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Case Reports in Medicine
Volume 2013, Article ID 502451, 5 pages
http://dx.doi.org/10.1155/2013/502451
Case Report

Gastric Endocrine Cell Carcinoma Coexistent with Adenocarcinoma

1Department of Gastroenterology, Kawasaki Hospital, Kobe, Hyogo 652-0042, Japan
2Department of Laboratory Medicine, Kawasaki Hospital, Kobe, Hyogo 652-0042, Japan

Received 16 October 2013; Revised 20 November 2013; Accepted 4 December 2013

Academic Editor: Martin G. Mack

Copyright © 2013 Nobuhiro Takeuchi et al. This is an open access article distributed under the Creative Commons Attribution License, which permits unrestricted use, distribution, and reproduction in any medium, provided the original work is properly cited.

Abstract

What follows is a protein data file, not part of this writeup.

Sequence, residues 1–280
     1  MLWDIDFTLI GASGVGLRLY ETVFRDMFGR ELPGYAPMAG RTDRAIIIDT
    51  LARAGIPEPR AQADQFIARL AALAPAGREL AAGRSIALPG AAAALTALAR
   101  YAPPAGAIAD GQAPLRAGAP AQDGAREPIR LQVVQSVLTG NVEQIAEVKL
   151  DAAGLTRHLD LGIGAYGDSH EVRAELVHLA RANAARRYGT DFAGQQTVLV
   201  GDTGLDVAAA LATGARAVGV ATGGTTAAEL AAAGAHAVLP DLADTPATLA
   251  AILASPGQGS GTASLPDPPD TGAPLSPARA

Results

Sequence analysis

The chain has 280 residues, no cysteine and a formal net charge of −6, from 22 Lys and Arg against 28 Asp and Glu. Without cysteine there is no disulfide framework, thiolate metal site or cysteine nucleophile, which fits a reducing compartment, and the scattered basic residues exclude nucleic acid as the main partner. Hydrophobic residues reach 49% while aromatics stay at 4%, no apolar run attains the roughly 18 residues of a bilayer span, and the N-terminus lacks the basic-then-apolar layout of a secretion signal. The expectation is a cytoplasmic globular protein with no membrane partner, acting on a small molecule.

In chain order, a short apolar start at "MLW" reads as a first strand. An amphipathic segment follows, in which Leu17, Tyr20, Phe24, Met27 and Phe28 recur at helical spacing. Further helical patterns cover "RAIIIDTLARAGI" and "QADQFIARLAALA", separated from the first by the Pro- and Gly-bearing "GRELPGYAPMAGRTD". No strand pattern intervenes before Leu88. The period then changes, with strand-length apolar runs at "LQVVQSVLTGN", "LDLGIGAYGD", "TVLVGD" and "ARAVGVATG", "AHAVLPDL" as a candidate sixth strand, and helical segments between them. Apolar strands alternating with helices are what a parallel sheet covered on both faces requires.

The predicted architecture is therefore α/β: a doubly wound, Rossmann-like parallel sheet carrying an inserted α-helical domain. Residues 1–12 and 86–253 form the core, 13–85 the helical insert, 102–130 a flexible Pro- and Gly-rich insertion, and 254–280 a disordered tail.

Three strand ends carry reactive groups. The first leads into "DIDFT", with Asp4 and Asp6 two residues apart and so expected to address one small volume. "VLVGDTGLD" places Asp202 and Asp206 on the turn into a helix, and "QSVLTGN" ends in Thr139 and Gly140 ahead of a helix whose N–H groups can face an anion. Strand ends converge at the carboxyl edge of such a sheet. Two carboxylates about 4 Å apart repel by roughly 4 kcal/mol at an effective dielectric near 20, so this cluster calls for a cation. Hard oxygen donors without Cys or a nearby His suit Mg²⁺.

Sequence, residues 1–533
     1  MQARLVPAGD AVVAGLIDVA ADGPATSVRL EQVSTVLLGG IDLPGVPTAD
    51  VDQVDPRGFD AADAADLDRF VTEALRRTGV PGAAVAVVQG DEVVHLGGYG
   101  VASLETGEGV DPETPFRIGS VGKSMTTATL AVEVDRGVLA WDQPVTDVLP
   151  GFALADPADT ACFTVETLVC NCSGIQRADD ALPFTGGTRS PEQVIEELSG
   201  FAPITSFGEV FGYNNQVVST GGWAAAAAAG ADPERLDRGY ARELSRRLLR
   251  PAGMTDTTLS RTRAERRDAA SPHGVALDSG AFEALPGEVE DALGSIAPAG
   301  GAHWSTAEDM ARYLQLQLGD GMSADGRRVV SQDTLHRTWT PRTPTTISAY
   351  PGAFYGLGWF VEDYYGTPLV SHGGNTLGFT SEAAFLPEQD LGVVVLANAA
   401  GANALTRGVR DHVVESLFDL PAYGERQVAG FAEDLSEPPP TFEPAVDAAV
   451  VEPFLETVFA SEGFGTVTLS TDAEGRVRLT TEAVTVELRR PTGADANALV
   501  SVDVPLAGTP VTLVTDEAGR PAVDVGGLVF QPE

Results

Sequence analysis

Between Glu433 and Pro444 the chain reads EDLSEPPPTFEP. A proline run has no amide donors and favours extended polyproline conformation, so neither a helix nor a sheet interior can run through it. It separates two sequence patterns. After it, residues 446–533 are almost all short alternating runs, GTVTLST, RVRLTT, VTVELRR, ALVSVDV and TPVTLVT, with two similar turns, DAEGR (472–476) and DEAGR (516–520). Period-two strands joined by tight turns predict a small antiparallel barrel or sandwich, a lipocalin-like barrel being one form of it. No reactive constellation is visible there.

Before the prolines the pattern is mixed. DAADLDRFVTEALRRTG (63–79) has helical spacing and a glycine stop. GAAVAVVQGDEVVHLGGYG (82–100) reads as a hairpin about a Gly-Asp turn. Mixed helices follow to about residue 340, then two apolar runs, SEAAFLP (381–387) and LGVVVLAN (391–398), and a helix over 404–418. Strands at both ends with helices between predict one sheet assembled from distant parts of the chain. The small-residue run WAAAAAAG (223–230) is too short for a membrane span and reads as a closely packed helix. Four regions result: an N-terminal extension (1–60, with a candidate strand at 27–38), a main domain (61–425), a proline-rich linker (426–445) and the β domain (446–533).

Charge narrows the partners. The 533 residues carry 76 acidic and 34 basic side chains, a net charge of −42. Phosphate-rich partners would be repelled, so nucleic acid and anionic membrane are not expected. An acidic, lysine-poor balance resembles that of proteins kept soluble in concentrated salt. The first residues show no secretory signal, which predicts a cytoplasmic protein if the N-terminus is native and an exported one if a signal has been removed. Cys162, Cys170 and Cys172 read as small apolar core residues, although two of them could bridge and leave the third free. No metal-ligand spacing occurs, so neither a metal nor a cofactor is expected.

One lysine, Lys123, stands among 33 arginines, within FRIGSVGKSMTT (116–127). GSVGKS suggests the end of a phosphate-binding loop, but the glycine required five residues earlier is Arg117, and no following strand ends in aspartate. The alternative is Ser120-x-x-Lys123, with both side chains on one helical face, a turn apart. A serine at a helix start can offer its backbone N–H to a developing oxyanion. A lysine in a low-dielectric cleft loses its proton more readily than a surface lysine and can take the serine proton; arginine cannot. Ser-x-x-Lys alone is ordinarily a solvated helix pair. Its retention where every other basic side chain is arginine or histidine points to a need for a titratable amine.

A 69-year-old female presented to our institution with epigastralgia and abdominal distension. Upper gastrointestinal series revealed a 5 cm ulcerative lesion with irregular margins and elevated distinct borders from the angle to the pyloric ring. Gastroendoscopy revealed a Borrmann type 2 tumor. Several biopsied specimens revealed proliferation of small and heterogeneous cancer cells with rich chromatin and fibrous septum with rich vessels at connective tissues, which was confirmed as gastric endocrine cell carcinoma (ECC) on immunostaining with chromogranin and synaptophysin. Furthermore, other specimens revealed atypical cells forming glandular structures, which were confirmed as well-differentiated tubular adenocarcinomas. Distal gastrectomy with D2 lymph node dissection and Billroth I reconstruction was performed. Pathological examination of the gross specimen revealed that adenocarcinoma comprised <10% of all cancer cells. Close analysis of ECC revealed a mixture of small and large cells. According to the WHO 2010 classification of gastrointestinal neuroendocrine tumors, this gastric tumor was diagnosed as neuroendocrine carcinoma. The patient was administered adjuvant chemotherapy with cisplatin and etoposide. One year following surgery, follow-up abdominal CT revealed multiple liver metastases. The patient received the best supportive care but eventually died 18 months after surgery. Here we present this case of gastric ECC coexistent with adenocarcinoma.